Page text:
July in Broome

IMG_2051

We should say this update will be mostly about pearls.  And that is a pearl in Carol’s hand.  Value:  between $100,000 and $125,000.

Now more of the basic stats of peals in and about Broome.  Only about 8% of the pearls produced in the world come from Broome.  But 80% of the dollar volume comes from Broome.  The pearls are produced by silver or gold lip oyster Pinctada Maxima.  The largest pearl producing oyster grow up to 30cm in diameter and weighing up to 5 kilos.  Literature I have read indicate that about $200 million in pearls come out of Broome yearly.  The whole business started about 1850 ish and it was about the shell, and many men gained a lot of wealth selling shell.  The pearl was a bonus.

IMG_2052

This was the first experience that white man had with the large shells that came from the shores in this area.  In this beginning era the shell was harvested as the tides went out.  That didn’t last long, and then boats and divers were used.  The “labor” to do the harvesting came from the natives (Aboriginals) and they were hardly even paid.  The best divers were girls and women, but they were abused, and the government stepped in an made it illegal to use women.  Then the men reached their limit at dives to about 130 feet.  Then foreign divers came in and the copper diving helmet became the tool of the trade.  Japanese men were the best at this trade, and the Aboriginal male could not be forced into the helmet and suit.  Many Japanese males died in this trade, and today there is no Japanese presence here in Broome (based on what I see on the street here).  IMG_1603I took this picture standing on the middle of the Japanese section of the cemetary.  I think there have been no burials here in many many years.  Our tour guide told us yesterday that 1 in 4 graves here is a pearl diver.  They ignored the decompression rules, and were fatalistic about their destiny.  The bends were just part of the trade.  Ouch!

IMG_1987

Not a great picture, but all I have.  This is the pearl oyster in a vice that hold it for the seeding operation.  A perfectly round pieces of smooth shell from a Mississippi mussel is used as a seed.  The folks that do this are highly educated and skilled and make over $100,000 in a three month seeding season.  They can make special bonuses if their work results in extraordinary results. This cultured pearl is relatively new in the history of the jem.  In the days of Jesus Christ mortal mission a pearl was so rare and special they were  considered beyond value this the comparrison to things of value like a pearl of great price.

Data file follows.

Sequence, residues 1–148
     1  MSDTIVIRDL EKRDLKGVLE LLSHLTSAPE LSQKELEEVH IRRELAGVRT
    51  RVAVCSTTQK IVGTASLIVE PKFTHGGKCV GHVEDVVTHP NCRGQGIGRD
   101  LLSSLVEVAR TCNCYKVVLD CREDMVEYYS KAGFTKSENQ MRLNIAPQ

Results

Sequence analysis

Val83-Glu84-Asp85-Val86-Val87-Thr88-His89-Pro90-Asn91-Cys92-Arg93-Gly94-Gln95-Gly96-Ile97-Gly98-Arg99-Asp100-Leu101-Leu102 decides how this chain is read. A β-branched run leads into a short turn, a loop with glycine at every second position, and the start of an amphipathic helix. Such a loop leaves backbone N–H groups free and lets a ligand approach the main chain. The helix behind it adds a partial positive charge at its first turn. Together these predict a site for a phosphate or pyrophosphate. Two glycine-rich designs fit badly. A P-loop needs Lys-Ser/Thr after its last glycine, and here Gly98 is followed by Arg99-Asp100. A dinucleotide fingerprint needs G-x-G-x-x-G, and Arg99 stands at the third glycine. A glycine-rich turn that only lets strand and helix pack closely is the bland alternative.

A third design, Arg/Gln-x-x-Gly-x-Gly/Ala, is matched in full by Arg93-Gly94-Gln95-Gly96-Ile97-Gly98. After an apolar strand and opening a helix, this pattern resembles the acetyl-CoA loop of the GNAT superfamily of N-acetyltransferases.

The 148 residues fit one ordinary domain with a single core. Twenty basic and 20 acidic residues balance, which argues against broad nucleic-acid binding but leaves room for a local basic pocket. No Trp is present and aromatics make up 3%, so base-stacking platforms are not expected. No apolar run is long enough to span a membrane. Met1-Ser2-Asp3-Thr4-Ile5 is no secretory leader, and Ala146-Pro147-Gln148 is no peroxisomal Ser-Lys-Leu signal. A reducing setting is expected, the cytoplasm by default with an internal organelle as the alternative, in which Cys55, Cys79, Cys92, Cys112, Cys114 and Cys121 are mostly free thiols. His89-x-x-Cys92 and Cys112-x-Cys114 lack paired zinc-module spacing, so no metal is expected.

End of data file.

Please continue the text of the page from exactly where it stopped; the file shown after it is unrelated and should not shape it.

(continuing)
IMG_1999A rack hoised out of the water at the Willie Creek Pearl Farm.  (Toured Friday).  These shells are very cruddy and required regular cleaning.

IMG_2012If we had been willing to part with $27,500 we could have worn them out the door.  RIGHT!

IMG_2017

Nice?  I really like the golden color.  I think it is not that common, but I know little about pearls, and have been in more pearl shops in the past 3 monts that in the whole of my life before Broome.  Prices here are from about $12,000 down to $5,000.  Want us to bring some home for you?  These prices are Australian – current conversion in .779 US to 1 Aussie.  Such a deal.

It was a fun tour.  The drive to the pearl farm was over some rugged dirt roads

IMG_1976Driver said; “conventional wisdom says 70km is right speed for these wash board roads.”  Rough ride for sure.  Another reason we thought it not appropriate to drive our mission car there.

Our whole tour took about 6 hours, but now we have a pretty good idea about the pearl business in Broome, and the effort required to produce very large and most beautyful pearls.  Most are pearls beyond my price.  Nice to look at though.  Gold in the rough is mostly hidden on rocks, and ugly rock at that.  Diamonds are not at all fetching in the rough, but the pearl looks just as you see it after it is lifetd from the oyster.  I can’t remember the precentages now but a small number are reseeded once,   a smaller number twice and a very small group the third time.  These oysters also produce a small precentage of Keshi pearls that are natural or have no seed.  These Kehi pearls are small and very irregular in shape.  But they do not give them away.

Advertisements
Published in: on July 12, 2009 at 6:08 am  Leave a Comment  

The URI to TrackBack this entry is: https://hoagmission.wordpress.com/2009/07/12/july-in-broome/trackback/

RSS feed for comments on this post.

Leave a Reply

Fill in your details below or click an icon to log in:

WordPress.com Logo

You are commenting using your WordPress.com account. Log Out / Change )

Twitter picture

You are commenting using your Twitter account. Log Out / Change )

Facebook photo

You are commenting using your Facebook account. Log Out / Change )

Google+ photo

You are commenting using your Google+ account. Log Out / Change )

Connecting to %s

%d bloggers like this: